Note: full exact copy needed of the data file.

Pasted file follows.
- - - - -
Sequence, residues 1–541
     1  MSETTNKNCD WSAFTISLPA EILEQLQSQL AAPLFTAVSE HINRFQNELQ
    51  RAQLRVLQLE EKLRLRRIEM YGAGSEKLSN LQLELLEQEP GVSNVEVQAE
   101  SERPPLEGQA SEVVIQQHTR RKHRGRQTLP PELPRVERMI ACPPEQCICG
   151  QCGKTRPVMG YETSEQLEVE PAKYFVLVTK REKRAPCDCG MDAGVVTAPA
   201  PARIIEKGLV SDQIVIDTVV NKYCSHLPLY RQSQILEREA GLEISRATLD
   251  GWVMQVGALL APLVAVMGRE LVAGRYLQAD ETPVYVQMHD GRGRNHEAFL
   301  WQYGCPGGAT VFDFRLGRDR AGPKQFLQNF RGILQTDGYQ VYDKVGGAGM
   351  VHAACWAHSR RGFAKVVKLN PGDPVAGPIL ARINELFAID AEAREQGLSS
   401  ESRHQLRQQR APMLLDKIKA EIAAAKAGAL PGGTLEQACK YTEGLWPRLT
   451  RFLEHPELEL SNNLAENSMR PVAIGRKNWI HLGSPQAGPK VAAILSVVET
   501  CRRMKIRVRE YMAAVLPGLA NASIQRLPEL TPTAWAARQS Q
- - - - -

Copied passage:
Sequence, residues 1–541
     1  MSETTNKNCD WSAFTISLPA EILEQLQSQL AAPLFTAVSE HINRFQNELQ
    51  RAQLRVLQLE EKLRLRRIEM YGAGSEKLSN LQLELLEQEP GVSNVEVQAE
   101  SERPPLEGQA SEVVIQQHTR RKHRGRQTLP PELPRVERMI ACPPEQCICG
   151  QCGKTRPVMG YETSEQLEVE PAKYFVLVTK REKRAPCDCG MDAGVVTAPA
   201  PARIIEKGLV SDQIVIDTVV NKYCSHLPLY RQSQILEREA GLEISRATLD
   251  GWVMQVGALL APLVAVMGRE LVAGRYLQAD ETPVYVQMHD GRGRNHEAFL
   301  WQYGCPGGAT VFDFRLGRDR AGPKQFLQNF RGILQTDGYQ VYDKVGGAGM
   351  VHAACWAHSR RGFAKVVKLN PGDPVAGPIL ARINELFAID AEAREQGLSS
   401  ESRHQLRQQR APMLLDKIKA EIAAAKAGAL PGGTLEQACK YTEGLWPRLT
   451  RFLEHPELEL SNNLAENSMR PVAIGRKNWI HLGSPQAGPK VAAILSVVET
   501  CRRMKIRVRE YMAAVLPGLA NASIQRLPEL TPTAWAARQS Q